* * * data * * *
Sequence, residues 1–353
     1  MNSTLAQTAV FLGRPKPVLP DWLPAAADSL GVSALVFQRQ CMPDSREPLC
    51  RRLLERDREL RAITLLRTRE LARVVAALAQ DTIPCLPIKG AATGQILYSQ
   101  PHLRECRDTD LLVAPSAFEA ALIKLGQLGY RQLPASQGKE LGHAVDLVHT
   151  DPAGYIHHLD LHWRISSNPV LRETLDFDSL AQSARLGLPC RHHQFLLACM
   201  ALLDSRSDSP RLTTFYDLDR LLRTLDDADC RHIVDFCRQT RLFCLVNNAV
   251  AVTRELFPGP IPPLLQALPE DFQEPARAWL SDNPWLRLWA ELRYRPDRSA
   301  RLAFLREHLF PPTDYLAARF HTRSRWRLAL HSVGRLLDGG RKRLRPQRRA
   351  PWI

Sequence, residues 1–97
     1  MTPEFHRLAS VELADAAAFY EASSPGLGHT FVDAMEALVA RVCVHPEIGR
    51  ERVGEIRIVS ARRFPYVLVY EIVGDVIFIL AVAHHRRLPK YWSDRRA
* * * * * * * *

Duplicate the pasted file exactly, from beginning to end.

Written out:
Sequence, residues 1–353
     1  MNSTLAQTAV FLGRPKPVLP DWLPAAADSL GVSALVFQRQ CMPDSREPLC
    51  RRLLERDREL RAITLLRTRE LARVVAALAQ DTIPCLPIKG AATGQILYSQ
   101  PHLRECRDTD LLVAPSAFEA ALIKLGQLGY RQLPASQGKE LGHAVDLVHT
   151  DPAGYIHHLD LHWRISSNPV LRETLDFDSL AQSARLGLPC RHHQFLLACM
   201  ALLDSRSDSP RLTTFYDLDR LLRTLDDADC RHIVDFCRQT RLFCLVNNAV
   251  AVTRELFPGP IPPLLQALPE DFQEPARAWL SDNPWLRLWA ELRYRPDRSA
   301  RLAFLREHLF PPTDYLAARF HTRSRWRLAL HSVGRLLDGG RKRLRPQRRA
   351  PWI

Sequence, residues 1–97
     1  MTPEFHRLAS VELADAAAFY EASSPGLGHT FVDAMEALVA RVCVHPEIGR
    51  ERVGEIRIVS ARRFPYVLVY EIVGDVIFIL AVAHHRRLPK YWSDRRA